One glorious Wednesday afternoon our girl shoots out of the school bus and barrels through the front door. She’s a lively one, a meme-maker in her own right. Talking quickly she brings us up to speed on the shocker event of the day. The wonder and surprise of the unimaginable are still fresh. Her bright eyes shine as the words tumble out.
Les Girls arriving home
“I can’t believe it. I’m so happy. Do you know what we actually have for homework tonight? Madame said our homework is to go outside and play. Nothing else, just go outside and play.”
Entries in our youngest daughter’s Grade 6 daily agenda are for the most part predictable. Homework is a recurring theme – reminders of what needs to be done in the coming days, dates for tests and quizzes, notes about special school events. On this day of days there is just one entry. It’s crisp, clear printing, nearly jumping off the page, loudly exclaiming – Aller Jouer Dehors – Go Play Outside.
If it’s in the agenda it must be true
No cajoling or threats, veiled or otherwise, were necessary for her to dive right in. Literally in this instance with old mattresses serving as a soft landing for belly flops or back flips before they’re moved curbside for garbage collection.
Playing outside with friends is the default after school activity in our neighbourhood. The homework bogey imposes structure intruding on more open-ended, oblivious-to-time pursuits. Homework is kind of like kids interruptus. It verily begs the question ‘why homework?’.
None of my four older children had ever come home with a similar assignment. In our experience play as homework is a new phenomenon, quite a singular event. Reaction to a tweet on the subject broadly indicates support for more play, less homework.
Enthusiastic reception on Twitter
Now I don’t have a stellar memory for details but I do know for sure that 50 years ago the kids in Mrs. Salmon’s Grade 6 class at Elkhorn Drive Public School in Toronto did not possess agendas. For the most part we learned in class, were set temporarily free for recess and then most importantly were released at the end of the day to go home and play. No agenda needed on the journey.
Grade 6 – 1967-68
In the best of all possible worlds, fun and play should be expansive experiences for kids. Ask yourself, are there ever enough hours in a young life to miss out on kaleidoscoping fun?
Getting students to go outside and play as a homework assignment is a step in the right direction. It’s getting them closer to setting their own after school agenda. Given their druthers most grade schoolers would choose play over any form of school work.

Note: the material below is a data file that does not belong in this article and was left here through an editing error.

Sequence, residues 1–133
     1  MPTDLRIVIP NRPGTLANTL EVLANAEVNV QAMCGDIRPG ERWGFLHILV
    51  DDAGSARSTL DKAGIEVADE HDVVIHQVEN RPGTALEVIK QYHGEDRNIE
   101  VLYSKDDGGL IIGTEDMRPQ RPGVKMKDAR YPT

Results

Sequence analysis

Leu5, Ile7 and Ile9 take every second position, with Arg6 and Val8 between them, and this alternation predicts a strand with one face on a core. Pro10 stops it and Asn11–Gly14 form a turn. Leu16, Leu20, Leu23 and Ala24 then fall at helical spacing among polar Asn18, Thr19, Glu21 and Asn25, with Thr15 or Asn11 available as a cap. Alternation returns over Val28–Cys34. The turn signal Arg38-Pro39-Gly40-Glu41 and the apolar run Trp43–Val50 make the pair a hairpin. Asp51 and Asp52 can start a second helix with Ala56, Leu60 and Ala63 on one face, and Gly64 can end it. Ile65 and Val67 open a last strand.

It’s true that not all children have equal access to play. While it is important to improve access for all, it is also critical to support grass-roots activities that can lead to meaningful change – more kids, spending more time playing, with no agenda other than their own.
The play as homework continuum could be effective in jurisdictions where homework is de rigueur or required by education authorities. Introducing play as homework once or twice a week could have a meaningful impact for the children as well as teachers. It could be integrated into the curriculum through student presentations and discussions on play activities.
The late educational reform icon, Sir Ken Robinson, addressed the often overlooked value of play during a presentation at a Halifax conference.
Play for young people is actually essential. It’s a way in which they literally flex their muscles.
So really, why wouldn’t we want our kids out there flexing? Read more on Sir Ken’s play perspectives here.
And what of homework itself. In a 2019 piece, The Cult of Homework, The Atlantic examines the multiple faces of the homework beast. Scholastic, the kids’ book folks, thinks that rationales for homework are underwhelming. They share their perspective in Down With Homework. A 2016 article in Time, Is Homework Good for Kids? Here’s What the Research Says, suggests a ‘weak correlation between homework and performance’ and further that it may not be ‘helpful’ for students in primary school.
Let’s applaud and support teachers who look for new and simple means to engage kids in what they do best, play. I wrote Madame a quick email on her foray into play as homework and included an image of the tweet. She wrote back saying the email had made her day, her week, no her month. The kids were beaming again today as play was assigned as homework for the second time.
more play, less homework
I’d love to hear from others who have similar stories. Hopefully this is more widespread and if not perhaps together we can make it so. The essential ingredient is willing teachers. We know that for the most part given the chance kids will play…